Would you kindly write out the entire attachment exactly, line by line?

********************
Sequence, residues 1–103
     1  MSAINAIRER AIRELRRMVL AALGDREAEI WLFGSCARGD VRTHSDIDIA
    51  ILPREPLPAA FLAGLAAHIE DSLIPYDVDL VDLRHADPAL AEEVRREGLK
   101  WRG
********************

Sequence, residues 1–103
     1  MSAINAIRER AIRELRRMVL AALGDREAEI WLFGSCARGD VRTHSDIDIA
    51  ILPREPLPAA FLAGLAAHIE DSLIPYDVDL VDLRHADPAL AEEVRREGLK
   101  WRG